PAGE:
|Publication number||US6919664 B2|
|Application number||US 08/952,995|
|Publication date||Jul 19, 2005|
|Filing date||May 27, 1997|
|Priority date||May 29, 1996|
|Also published as||CA2255740A1, CA2255740C, CA2255744A1, CA2255768A1, CA2255769A1, CA2255770A1, CA2255771A1, CA2256473A1, CN1083356C, CN1097335C, CN1100377C, CN1103133C, CN1219911A, CN1220041A, CN1220042A, CN1220044A, CN1220051A, CN1224542A, CN1225755A, CN100403626C, CN101242125A, CN101242125B, CN101546932A, CN101546932B, DE19781791T0, DE19781791T1, DE69725306D1, DE69725306T2, DE69726139D1, DE69726139T2, DE69727668D1, DE69727668T2, DE69727669D1, DE69727669T2, DE69728533D1, DE69737446D1, DE69737446T2, EP0889797A2, EP0901700A2, EP0901700B1, EP0901701A1, EP0901701B1, EP0901702A1, EP0901702B1, EP0901703A1, EP0901703B1, EP0901704A1, EP0901704B1, EP0901711A1, EP0901711B1, US6798107, US6831388, US6894416, US6906447, US6936947, US7088027, US20010019494, US20010055217, US20020047413, US20020047438, US20020050758, US20040084987, US20050127773, WO1997045288A2, WO1997045288A3, WO1997045912A1, WO1997045919A2, WO1997045919A3, WO1997045922A1, WO1997045923A1, WO1997045924A1, WO1997045925A1, WO1997045927A1|
|Publication number||08952995, 952995, US 6919664 B2, US 6919664B2, US-B2-6919664, US6919664 B2, US6919664B2|
|Inventors||Mats Leijon, Lars Gertmar, Lennart Brandt|
|Original Assignee||Abb Ab|
|Export Citation||BiBTeX, EndNote, RefMan|
|Patent Citations (108), Non-Patent Citations (99), Referenced by (2), Classifications (64), Legal Events (3) |
|External Links: USPTO, USPTO Assignment, Espacenet|
High voltage plants with electric motors
US 6919664 B2
In a plant comprising one or more electric machines constructed with insulated conductors and connected for heavy current via insulated conductors, the magnetic circuit in at least one of these electric machines is connected directly to a high supply voltage of 20-800 kV, preferably higher than 36 kV. The insulation of the electric machine is built up of a cable (6) placed in its winding and comprising one or more current-carrying conductors (31) with a number of strands (36) surrounded by outer and inner semiconducting layers (34, 32) and intermediate insulating layers (33). The conductors (31) may be group-wise connected in parallel and semiconducting layers are therefore not required around every conductor in the group. If the conductors (31) are connected in series with each other within the group a part insulation (35) is required which will withstand a few kV, whereas connection of the conductors (31) to every phase requires a strong part insulation (35) which will withstand the phase voltage of the high-voltage supply network.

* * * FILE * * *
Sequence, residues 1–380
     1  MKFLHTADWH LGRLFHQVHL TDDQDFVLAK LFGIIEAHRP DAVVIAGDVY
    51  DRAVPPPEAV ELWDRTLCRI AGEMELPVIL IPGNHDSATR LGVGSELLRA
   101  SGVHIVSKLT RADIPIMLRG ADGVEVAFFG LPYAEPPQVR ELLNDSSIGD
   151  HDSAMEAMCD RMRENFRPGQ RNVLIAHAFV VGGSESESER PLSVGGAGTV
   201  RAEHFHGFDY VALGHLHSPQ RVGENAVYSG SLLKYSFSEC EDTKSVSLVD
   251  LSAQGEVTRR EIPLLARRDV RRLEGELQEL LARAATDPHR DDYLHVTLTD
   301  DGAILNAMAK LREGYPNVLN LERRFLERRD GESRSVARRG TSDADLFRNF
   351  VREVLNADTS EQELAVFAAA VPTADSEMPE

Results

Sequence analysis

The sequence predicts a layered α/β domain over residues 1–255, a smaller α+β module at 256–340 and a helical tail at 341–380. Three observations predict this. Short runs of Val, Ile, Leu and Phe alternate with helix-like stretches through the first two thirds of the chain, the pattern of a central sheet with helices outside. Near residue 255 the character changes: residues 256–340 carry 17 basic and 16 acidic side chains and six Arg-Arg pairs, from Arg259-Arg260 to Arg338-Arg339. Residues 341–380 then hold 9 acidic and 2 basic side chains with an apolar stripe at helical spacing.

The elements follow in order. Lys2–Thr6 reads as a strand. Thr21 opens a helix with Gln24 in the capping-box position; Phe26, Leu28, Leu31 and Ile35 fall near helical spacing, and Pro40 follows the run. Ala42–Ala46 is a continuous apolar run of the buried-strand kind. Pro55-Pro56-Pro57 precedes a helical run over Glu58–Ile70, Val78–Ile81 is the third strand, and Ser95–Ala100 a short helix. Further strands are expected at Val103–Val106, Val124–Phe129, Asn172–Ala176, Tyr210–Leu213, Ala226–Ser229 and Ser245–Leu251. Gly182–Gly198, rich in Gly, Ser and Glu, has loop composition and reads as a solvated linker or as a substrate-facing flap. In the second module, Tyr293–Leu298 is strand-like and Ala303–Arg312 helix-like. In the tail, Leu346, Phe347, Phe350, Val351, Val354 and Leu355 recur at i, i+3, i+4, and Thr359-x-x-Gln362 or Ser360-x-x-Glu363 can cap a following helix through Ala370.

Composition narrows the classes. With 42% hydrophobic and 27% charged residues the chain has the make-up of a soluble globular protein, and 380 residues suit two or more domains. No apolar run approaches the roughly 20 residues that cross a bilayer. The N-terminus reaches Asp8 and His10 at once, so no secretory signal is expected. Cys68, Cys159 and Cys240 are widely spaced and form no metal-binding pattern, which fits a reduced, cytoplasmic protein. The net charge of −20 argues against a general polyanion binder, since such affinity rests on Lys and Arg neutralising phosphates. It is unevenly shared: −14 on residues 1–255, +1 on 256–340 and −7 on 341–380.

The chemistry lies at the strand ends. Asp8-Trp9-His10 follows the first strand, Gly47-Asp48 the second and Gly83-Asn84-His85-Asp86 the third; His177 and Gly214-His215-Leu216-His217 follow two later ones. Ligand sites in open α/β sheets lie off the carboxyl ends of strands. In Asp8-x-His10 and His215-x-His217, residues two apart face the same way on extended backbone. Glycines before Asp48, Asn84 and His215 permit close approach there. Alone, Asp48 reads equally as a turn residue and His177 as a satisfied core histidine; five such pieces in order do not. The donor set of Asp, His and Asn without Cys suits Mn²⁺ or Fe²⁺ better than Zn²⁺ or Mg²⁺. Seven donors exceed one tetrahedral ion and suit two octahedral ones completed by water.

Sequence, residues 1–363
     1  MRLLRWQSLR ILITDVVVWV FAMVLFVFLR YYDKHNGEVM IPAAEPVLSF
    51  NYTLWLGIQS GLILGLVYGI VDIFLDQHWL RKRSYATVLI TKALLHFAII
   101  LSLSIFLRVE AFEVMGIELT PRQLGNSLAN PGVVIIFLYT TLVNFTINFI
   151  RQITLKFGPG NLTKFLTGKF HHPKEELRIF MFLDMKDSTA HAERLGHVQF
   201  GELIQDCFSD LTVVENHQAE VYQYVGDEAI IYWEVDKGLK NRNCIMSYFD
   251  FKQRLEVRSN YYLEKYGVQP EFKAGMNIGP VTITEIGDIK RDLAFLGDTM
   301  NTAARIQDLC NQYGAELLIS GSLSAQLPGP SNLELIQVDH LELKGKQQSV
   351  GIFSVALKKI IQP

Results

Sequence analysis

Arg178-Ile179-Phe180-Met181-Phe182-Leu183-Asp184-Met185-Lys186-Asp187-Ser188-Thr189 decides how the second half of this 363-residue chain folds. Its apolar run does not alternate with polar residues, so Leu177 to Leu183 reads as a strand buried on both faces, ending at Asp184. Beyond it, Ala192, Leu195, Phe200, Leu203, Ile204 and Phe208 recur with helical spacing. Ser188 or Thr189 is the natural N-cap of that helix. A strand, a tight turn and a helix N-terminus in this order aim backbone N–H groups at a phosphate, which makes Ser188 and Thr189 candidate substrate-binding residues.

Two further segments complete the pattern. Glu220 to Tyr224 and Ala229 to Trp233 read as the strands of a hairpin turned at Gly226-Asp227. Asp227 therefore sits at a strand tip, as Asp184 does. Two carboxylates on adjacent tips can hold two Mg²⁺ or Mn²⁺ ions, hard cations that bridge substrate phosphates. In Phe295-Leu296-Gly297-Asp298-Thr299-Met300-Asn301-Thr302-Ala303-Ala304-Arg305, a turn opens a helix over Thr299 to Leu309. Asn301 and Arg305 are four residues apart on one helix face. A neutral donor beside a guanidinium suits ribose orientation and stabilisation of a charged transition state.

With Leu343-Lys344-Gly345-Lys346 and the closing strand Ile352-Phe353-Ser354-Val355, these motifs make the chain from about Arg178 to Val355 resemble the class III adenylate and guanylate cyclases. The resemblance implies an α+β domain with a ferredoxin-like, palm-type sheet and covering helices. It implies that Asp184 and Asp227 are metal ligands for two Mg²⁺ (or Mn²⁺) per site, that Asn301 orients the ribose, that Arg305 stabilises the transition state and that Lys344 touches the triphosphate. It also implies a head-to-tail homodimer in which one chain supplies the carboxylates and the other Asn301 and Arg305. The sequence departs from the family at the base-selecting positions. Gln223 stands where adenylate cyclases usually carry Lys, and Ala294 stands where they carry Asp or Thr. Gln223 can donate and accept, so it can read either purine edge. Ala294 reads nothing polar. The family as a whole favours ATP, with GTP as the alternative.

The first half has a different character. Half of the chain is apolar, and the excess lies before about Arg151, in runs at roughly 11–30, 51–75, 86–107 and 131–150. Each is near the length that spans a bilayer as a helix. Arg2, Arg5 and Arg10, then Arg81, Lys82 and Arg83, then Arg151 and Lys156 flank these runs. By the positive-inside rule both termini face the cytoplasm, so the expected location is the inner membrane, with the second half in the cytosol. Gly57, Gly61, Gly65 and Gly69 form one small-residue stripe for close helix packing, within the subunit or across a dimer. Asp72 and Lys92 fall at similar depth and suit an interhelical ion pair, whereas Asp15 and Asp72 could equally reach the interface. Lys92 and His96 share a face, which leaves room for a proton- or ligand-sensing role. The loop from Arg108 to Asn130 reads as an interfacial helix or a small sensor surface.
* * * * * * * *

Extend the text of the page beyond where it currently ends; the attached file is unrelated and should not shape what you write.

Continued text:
1. An electric plant for high voltage including one or more motors, each comprising at least one flexible winding, wherein the winding of at least one of the electric motors forms at least one complete uninterrupted turn, said wincing comprising an electrical conductor including a plurality of insulated conductive elements and at least one uninsulated conductive element; and an electric field confining insulation system including an inner semiconducting layer, surrounding and being in electrical contact with the at least one uninsulated conductive element; a solid insulation layer surrounding the inner layer and an outer semiconducting layer surrounding the insulation layer, each semiconducting layer forming an equipotential surface around the conductor.
2. A plant as claimed in claim 1, wherein at least one motor has one or more connection voltages.
3. A plant as claimed in claim 1, wherein at least one of the semiconducting layers has substantially the same coefficient of thermal expansion as the solid insulation.
4. A plant as claimed in claim 1, wherein transformation of substantial power takes place in the same electric motor.
5. A plant as claimed in claim 1, wherein the inner semiconducting layer is at substantially the same potential as the conductor.
6. A plant as claimed in claim 1, wherein said outer semiconducting layer is connected to a predefined potential.
7. A plant as claimed in claim 6, wherein the predefined potential is earth potential.
8. A plant as claimed in claim 1, wherein at least two of said layers have substantially the same coefficient of thermal expansion.
9. A plant as claimed in claim 1, wherein the motor has a stator and said stator is cooled at earth potential by means of a flow of at least one of gas and liquid.
10. A plant as claimed in claim 1, wherein the cable has a conductor area of about 40 and about 3000 mm2 and have an outer cable diameter of about 10 and about 250 mm.
11. A plant as claimed in claim 1, further comprising an electrostatic machine for series connection to the motor for limiting at least one of start current and fault current for the rotating electric motor.
12. A plant as claimed in claim 1, including an impedance and wherein at least one motor has a neutral point earthed via said impedance.